Young killer whale is free! – Kwee-sa-hay-is saves herself and swims out of shallow lagoon | Ha-Shilth-Sa Newspaper

Young killer whale is free! – Kwee-sa-hay-is saves herself and swims out of shallow lagoon

Ehatis, BC

The northern communities are waking up to the exciting and happy news that kʷiisaḥiʔis (kwee-sa-hay-is), the orphaned baby orca, has left the lagoon that she has been her home since mother died in late March.

“Today the community of Zeballos and people everywhere are waking up to some incredible news and what can only be described as pride for strength this little orca has shown,” said Chief Simon John of Ehattesaht.

In a written statement released on the morning of April 26, 2024, John stated kʷiisaḥiʔis, which means Brave Little Hunter, swam out of the lagoon near Zeballos, BC at 2:30 a.m. during high tide. “On a clear and glass calm, star filled night, Kwee-sa-hay-is swam past the sand bar her mother passed away on, under the bridge, down Little Espinosa Inlet and onto Esperanza all on her own,” he wrote.

kʷiisaḥiʔis and her mother first entered the lagoon on March 23, 2024. The Biggs (transient) killer whales were likely hunting seal, a staple of their diet. The mother whale became stranded on a sandbar as the tide quickly receded in the shallow lagoon. Sadly, she drowned, despite valiant efforts of local community members to save her.

A necropsy revealed that the mother was nursing her daughter and was pregnant with another female orca.

Efforts to save the baby whale began immediately as Ehattesaht and Nuchatlaht First Nations along with DFO’s Marine Mammal Response and Bay Cetology made plans to bring in equipment to lift the 2-year-old whale out of the lagoon after attempts to lure her out and under a bridge failed. But attempts to corral the highly intelligent little whale failed.

By mid-April, the orphaned whale started to show early signs of malnourishment. She had been observed eating ducks and bait fish. Ha-Shilth-Sa reported that kʷiisaḥiʔis began accepting seal meat that was tossed into lagoon from a distance. The seal meat was donated by Nuchatlaht First Nation.

On the evening of April 25, kʷiisaḥiʔis, accepted another meal of seal meat and was observed playfully breaching out of the water. In the wee hours of April 26, kʷiisaḥiʔis lived up to her name, given to her by the Ehattesaht, and bravely swam under the bridge and out toward the open ocean.

"After an evening of feeding her the team of Rob John, Judea Smith, Ashley John, and Victoria Wells from Ehattesaht and Nuchatlaht, along with DFO’s Marine Mammal Response and Bay Cetology were treated to a long night of kʷiisaḥiʔis breaching and playing at the end of the lagoon near the causeway bridge,” said Chief John in a statement.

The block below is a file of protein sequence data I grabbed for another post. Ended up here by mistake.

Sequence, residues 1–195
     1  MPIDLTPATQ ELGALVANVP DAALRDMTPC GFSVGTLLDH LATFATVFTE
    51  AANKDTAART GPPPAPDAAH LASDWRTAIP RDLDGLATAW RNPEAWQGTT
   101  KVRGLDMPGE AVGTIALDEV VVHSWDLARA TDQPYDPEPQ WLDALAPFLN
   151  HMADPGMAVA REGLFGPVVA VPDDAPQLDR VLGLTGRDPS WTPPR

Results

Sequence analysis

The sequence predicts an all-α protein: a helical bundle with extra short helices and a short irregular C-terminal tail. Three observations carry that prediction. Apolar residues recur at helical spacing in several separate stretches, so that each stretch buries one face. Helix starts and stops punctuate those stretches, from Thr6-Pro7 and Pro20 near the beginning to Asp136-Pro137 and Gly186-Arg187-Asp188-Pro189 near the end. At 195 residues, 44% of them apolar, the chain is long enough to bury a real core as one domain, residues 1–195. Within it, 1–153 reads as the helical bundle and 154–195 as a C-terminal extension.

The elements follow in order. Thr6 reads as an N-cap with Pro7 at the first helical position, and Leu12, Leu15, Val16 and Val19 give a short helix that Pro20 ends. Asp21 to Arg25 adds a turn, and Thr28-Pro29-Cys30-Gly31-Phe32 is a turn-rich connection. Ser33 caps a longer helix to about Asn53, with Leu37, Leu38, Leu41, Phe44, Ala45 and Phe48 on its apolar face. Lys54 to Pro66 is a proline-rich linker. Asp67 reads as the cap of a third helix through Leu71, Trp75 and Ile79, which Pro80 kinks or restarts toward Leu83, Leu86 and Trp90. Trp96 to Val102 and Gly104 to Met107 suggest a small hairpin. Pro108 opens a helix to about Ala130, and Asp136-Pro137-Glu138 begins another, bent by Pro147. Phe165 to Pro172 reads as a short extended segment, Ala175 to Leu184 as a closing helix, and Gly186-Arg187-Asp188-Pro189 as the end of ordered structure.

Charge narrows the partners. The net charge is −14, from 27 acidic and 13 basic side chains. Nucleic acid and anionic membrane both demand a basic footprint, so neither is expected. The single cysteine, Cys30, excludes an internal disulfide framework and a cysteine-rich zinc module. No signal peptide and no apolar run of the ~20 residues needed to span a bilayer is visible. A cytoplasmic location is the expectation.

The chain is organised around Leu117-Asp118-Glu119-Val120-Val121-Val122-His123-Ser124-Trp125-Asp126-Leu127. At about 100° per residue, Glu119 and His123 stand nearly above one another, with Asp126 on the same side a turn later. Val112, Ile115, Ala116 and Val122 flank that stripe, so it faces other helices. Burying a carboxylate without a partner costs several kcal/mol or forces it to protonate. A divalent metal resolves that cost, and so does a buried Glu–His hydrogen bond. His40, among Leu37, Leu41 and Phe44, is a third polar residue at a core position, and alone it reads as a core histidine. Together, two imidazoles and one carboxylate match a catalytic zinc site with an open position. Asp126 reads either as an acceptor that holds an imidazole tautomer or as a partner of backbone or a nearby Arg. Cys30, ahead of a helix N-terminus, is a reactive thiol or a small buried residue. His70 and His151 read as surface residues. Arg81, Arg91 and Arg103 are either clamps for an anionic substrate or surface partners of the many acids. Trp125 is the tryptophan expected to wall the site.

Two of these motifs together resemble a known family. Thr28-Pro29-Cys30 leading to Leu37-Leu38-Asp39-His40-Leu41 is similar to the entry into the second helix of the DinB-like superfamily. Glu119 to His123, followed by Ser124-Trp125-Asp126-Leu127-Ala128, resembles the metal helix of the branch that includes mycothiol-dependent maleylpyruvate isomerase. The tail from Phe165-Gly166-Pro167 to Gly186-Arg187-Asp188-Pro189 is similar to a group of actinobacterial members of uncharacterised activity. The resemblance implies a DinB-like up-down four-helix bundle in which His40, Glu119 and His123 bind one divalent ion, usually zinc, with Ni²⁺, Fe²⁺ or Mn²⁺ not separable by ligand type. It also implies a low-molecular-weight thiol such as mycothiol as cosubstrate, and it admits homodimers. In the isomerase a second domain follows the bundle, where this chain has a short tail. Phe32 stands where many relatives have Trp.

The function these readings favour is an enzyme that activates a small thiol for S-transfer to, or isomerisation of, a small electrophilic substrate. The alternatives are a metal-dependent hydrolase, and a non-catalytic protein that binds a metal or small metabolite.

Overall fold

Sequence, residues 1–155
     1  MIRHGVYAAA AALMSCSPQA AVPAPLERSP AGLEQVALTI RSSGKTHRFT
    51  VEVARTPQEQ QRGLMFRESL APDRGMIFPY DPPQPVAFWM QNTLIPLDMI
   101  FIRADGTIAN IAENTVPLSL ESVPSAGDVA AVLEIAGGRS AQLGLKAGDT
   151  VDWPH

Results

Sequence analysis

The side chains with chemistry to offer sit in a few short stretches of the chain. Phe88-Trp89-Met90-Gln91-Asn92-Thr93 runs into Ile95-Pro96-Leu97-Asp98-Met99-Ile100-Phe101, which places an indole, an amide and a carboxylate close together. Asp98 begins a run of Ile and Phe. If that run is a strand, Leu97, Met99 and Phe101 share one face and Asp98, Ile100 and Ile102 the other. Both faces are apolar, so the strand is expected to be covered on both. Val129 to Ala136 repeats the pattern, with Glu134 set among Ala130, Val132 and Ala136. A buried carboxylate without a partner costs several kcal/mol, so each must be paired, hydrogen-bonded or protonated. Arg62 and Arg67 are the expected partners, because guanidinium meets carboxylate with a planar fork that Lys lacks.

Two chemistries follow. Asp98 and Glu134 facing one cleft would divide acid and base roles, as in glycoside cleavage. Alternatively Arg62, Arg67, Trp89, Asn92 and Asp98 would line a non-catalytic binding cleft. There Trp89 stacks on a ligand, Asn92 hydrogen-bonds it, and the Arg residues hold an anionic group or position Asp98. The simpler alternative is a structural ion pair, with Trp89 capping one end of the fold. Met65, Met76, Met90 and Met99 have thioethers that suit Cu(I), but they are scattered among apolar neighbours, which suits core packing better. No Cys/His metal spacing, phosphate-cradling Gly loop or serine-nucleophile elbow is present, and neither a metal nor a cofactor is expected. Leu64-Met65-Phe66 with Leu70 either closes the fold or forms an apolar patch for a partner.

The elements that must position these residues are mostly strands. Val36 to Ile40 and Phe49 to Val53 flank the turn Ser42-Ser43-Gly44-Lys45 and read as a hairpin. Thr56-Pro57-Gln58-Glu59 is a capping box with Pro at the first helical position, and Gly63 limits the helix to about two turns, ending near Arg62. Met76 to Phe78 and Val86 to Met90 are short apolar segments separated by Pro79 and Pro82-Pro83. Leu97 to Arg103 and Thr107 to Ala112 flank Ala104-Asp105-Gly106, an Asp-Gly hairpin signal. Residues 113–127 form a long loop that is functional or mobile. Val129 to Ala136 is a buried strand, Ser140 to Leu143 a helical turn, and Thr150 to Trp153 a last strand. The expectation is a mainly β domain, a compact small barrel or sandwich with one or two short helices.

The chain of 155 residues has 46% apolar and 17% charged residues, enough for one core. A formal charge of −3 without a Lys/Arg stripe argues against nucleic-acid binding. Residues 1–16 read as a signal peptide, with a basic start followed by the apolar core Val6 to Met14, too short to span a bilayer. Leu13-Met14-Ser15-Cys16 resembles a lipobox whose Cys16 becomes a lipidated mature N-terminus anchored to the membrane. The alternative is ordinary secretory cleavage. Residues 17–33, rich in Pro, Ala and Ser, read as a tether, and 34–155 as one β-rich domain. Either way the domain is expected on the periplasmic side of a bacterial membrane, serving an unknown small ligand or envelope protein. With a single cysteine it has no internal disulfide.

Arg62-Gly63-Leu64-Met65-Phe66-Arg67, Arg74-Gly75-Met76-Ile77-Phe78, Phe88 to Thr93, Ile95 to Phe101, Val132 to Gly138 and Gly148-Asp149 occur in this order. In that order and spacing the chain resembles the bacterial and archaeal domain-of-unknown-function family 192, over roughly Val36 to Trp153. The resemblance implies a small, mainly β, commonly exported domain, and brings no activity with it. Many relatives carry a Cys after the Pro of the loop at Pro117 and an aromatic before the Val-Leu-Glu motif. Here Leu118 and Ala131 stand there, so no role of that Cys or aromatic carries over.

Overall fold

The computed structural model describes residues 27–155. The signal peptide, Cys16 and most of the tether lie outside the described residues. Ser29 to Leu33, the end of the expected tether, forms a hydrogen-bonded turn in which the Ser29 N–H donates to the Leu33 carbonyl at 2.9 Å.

“And after most everyone had left to get some sleep the small group who remained stood as witnesses to watch her swim under the bridge and down the inlet,” John continued.

Those that witnessed the magical event must have been elated.

John said the team later found her in Espinosa Inlet and followed her from a distance as she moved toward Esperanza Inlet proper.

The First Nations and DFO are asking people to avoid the area and the whale as she makes her way down the inlets toward the open ocean.

“With this part of the challenged solved by kʷiisaḥiʔis herself, every opportunity needs to be afforded to have her back with her family with as little human interaction as possible,” said John.

He went on to say that the little whale will be encouraged to head out toward the open ocean where it is hoped that the Brave Little Hunter’s calls will now be heard by her family. There will be increased patrols and protective measures taken to ensure that she has no contact with boats or people.

“Events like these have a deeper meaning and the timing of her departure will be thought about, talked about and felt for generations to come,” said John.

On behalf of his people, he thanked everyone who has been with them for the first part of this journey. “We are deeply moved and eternally thankful,” he said.

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